Tired, but determined: Nurses push through emotionally draining side of COVID-19 care

They are the people you turn to when at your most vulnerable: nurses. But a new study suggests nurses are the ones in need of TLC.

According to a study by the Ohio State University, some 60% of ICU nurses report poor physical health. About 50% reported poor emotional health.

We took that question and others to two Cedars Sinai nurses on the frontlines of COVID-19.

Jica Gutierrez, a 30-year-old COVID-19 nurse, and 45-year-old Charlotte Guevarra, an ICU nurse. Both understood the pressure, and life-and-death consequences of their job during the pandemic.

Charlotte choked back tears through much of the interview, speaking thoughtfully about the burden and privilege of service. One of the hardest parts of her job over the last year was telling the families of a terminal COVID-19 patient, that only one person could be in the room to say goodbye as the patient passed.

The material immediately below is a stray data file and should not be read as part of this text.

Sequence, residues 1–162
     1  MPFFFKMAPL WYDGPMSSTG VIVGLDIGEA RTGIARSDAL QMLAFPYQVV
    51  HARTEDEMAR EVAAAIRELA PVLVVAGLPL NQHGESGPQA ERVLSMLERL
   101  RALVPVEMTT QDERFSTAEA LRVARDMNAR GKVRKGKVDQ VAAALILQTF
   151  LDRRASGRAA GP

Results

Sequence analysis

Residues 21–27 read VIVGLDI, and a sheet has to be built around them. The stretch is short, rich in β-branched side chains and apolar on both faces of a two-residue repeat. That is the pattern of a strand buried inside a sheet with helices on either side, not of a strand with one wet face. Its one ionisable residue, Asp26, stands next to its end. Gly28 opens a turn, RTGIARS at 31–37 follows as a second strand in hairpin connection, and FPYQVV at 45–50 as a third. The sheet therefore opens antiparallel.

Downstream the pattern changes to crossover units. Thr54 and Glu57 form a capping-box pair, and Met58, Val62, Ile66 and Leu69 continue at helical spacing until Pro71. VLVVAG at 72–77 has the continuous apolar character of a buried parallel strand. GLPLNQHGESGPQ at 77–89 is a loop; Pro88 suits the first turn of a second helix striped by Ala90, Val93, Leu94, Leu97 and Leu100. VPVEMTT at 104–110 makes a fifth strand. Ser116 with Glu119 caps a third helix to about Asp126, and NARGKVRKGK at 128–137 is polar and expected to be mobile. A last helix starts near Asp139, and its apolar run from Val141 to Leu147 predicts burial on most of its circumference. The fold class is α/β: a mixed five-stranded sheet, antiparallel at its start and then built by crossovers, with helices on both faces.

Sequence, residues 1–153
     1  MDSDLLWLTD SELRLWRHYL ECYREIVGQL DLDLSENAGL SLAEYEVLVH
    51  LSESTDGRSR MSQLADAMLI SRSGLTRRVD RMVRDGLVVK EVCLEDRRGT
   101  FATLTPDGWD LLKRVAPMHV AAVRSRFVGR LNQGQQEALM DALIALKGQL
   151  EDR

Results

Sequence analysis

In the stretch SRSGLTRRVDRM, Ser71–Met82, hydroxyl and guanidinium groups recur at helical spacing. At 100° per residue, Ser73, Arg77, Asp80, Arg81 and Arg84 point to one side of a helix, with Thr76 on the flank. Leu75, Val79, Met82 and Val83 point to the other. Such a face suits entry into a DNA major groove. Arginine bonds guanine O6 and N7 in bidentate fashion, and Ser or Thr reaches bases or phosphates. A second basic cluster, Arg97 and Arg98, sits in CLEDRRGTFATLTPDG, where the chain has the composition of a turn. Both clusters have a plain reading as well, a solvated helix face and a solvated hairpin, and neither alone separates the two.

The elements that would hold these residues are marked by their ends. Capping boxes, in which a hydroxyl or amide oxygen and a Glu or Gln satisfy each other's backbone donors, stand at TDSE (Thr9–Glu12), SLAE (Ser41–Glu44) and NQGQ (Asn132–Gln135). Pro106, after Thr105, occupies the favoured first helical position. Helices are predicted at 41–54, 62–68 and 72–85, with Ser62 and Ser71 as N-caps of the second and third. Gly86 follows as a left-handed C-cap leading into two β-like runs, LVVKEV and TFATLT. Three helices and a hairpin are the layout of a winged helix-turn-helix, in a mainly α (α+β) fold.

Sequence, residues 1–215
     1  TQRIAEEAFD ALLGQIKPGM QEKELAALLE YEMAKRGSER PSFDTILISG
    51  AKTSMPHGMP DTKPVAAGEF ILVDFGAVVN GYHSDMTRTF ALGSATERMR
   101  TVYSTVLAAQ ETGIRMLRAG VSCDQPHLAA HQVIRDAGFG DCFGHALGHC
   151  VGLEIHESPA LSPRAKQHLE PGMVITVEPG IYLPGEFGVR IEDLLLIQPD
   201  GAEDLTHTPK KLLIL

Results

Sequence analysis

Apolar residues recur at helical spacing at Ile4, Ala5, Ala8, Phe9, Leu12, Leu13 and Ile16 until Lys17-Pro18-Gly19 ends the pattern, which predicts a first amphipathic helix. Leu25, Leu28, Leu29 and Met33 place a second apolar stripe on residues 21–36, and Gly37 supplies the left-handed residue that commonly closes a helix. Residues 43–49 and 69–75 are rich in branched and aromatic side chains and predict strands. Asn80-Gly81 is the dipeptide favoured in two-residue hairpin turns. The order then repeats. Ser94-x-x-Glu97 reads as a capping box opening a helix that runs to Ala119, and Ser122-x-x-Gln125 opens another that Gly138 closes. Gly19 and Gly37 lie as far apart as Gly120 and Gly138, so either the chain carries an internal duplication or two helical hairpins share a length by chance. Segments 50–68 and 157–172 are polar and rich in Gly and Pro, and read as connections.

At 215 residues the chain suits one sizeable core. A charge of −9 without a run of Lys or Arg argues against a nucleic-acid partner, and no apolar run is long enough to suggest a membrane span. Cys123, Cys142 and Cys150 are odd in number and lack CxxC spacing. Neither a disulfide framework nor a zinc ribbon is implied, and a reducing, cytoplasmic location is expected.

"Who am I to decide?" she said.

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Jica is a second-generation nurse. Both her mother and father are nurses. They leaned on each other for support during the grueling hours.

Both women expressed sadness over being isolated from their spouses and children during the pandemic. They were too afraid to hug their kids for fear of bringing COVID-19 home. They slept in separate rooms. They went through all this, but did not complain.

These nurses felt duty-bound.

So while the hours were long, the sacrifices heavy, these RNs expressed gratitude and pride in their work. They said they will never forget being on the frontlines during the pandemic. And these medical heroes said to avoid burnout, they took breaks; they listened compassionately to their fellow nurses, and they prayed.